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Planar Antenna Wavelength

 
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Maxxpower
Antenna-Theory.com Newbie


Joined: 08 Sep 2015
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Location: Orlando, FL

PostPosted: Tue Sep 08, 2015 1:59 pm    Post subject: Planar Antenna Wavelength Reply with quote

Hi,
When designing a planar (PCB trace) antenna the wavelength should be with regards to the Er of the material correct? Or do I use Er=1 for the wavelength?
What does the width of my PCB trace do to the antenna properties?
PCB antennas are not routed over ground planes so I guess I'm a little confused as to how the trace width and Er affect it.
Thanks
Ken
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helix
Antenna Theory Regular


Joined: 29 Jan 2015
Posts: 64

PostPosted: Thu Sep 17, 2015 1:19 am    Post subject: Reply with quote

There is not a straightforward relationship between the effective wavelength (i.e., twice length at which a half-wave printed dipole becomes resonant) and the relative permittivity and thickness of the PCB.

If you check out the NEC (old Fortran MoM code) theory manual, you can find some info on analytical corrections for thin/cylindrical wires insulated with a cylindrical material with relative permittivity greater than 1. How that quantitatively relates to a printed/PCB problem is beyond me.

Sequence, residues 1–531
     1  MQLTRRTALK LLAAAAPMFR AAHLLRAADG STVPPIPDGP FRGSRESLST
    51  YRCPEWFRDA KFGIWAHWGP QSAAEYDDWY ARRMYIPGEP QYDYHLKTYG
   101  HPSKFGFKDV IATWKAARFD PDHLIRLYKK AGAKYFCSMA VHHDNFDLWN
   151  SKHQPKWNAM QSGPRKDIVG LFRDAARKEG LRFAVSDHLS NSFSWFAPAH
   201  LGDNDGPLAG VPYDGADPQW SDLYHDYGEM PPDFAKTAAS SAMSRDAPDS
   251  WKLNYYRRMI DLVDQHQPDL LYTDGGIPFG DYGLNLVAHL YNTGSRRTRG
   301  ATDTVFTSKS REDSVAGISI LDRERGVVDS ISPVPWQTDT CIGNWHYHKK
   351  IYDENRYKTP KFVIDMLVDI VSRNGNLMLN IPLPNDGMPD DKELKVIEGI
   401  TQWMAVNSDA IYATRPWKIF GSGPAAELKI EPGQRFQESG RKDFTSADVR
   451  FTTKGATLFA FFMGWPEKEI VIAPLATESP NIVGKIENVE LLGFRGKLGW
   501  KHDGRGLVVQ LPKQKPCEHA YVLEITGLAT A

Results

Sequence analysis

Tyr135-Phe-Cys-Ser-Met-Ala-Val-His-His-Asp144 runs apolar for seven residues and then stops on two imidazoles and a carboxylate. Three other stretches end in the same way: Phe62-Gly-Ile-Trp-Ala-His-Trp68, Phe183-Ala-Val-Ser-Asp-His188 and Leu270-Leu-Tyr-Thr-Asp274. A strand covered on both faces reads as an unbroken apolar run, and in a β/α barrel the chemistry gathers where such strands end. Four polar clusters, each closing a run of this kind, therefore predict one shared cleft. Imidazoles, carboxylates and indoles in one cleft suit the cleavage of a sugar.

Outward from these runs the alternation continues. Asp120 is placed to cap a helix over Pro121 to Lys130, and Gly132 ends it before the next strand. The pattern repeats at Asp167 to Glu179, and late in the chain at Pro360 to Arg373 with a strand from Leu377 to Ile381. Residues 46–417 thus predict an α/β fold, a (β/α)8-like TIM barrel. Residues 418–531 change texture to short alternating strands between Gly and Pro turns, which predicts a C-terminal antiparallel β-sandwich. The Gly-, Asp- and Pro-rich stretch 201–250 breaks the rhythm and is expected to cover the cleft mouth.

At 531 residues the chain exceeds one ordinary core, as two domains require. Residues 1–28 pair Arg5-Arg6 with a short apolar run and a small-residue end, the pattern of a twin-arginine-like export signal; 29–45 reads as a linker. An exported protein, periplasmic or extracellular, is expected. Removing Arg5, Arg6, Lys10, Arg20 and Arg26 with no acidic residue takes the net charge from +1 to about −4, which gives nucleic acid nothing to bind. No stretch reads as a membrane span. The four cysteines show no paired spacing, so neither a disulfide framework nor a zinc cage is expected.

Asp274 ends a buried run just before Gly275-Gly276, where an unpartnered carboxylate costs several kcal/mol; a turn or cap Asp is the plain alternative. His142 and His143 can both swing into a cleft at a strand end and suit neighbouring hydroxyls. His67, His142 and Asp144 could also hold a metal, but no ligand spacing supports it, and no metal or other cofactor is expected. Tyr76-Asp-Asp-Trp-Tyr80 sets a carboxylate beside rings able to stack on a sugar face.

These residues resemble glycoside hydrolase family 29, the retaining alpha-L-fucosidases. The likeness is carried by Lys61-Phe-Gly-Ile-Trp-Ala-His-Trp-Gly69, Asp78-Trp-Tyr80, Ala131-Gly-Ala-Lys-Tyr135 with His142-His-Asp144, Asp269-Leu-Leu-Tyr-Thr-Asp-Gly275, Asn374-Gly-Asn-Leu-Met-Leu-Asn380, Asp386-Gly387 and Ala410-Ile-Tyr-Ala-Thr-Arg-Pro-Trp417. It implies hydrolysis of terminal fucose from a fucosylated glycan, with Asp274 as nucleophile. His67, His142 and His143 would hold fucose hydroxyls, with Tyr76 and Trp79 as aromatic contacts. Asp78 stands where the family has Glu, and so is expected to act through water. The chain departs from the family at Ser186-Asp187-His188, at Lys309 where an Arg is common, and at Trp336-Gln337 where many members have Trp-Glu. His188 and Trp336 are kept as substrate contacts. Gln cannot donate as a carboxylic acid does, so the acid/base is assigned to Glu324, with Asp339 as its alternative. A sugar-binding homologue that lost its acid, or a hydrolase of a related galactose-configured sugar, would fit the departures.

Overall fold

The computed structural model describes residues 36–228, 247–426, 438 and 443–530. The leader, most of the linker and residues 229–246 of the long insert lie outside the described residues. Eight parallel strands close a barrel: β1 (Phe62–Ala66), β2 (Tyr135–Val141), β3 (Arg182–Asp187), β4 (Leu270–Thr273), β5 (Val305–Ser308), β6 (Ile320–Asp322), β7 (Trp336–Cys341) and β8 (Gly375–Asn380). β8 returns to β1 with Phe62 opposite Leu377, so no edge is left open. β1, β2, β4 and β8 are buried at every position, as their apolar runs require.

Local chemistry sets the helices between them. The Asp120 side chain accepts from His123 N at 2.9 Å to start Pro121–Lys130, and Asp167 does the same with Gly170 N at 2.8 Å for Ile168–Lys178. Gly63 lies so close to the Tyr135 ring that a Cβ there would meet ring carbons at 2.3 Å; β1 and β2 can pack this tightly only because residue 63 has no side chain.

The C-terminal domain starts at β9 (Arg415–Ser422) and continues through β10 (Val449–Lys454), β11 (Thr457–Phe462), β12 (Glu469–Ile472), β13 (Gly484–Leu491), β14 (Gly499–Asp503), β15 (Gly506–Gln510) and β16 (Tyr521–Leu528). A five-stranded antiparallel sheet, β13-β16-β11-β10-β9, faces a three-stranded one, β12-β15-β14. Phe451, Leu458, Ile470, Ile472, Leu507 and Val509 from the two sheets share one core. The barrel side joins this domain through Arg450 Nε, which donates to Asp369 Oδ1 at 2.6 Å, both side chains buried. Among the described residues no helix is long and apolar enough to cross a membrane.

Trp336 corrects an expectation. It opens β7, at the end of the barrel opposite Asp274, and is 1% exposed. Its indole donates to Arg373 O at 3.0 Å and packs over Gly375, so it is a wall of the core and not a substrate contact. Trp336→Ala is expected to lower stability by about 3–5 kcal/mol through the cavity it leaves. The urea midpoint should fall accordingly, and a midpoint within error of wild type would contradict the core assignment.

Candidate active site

Sounds like you're kinda thinking about PCB trace width in the context of microstrip characteristic impedance. The thing is that antennas have antenna mode currents (also known as unbalanced currents) on them, and microstrip lines have transmisison line mode (also known as balanced currents) currents on them. These two types of currents serve very different purposes and behave very differently. On microstrip, increasing the trace width decreases the characteristic impedance. For a dipole, increasing the trace width lowers inductance, and tends to increase bandwidth. These two effects are related, but the way they're typically thought about is different.

Search for "fat dipole" for an explanation.
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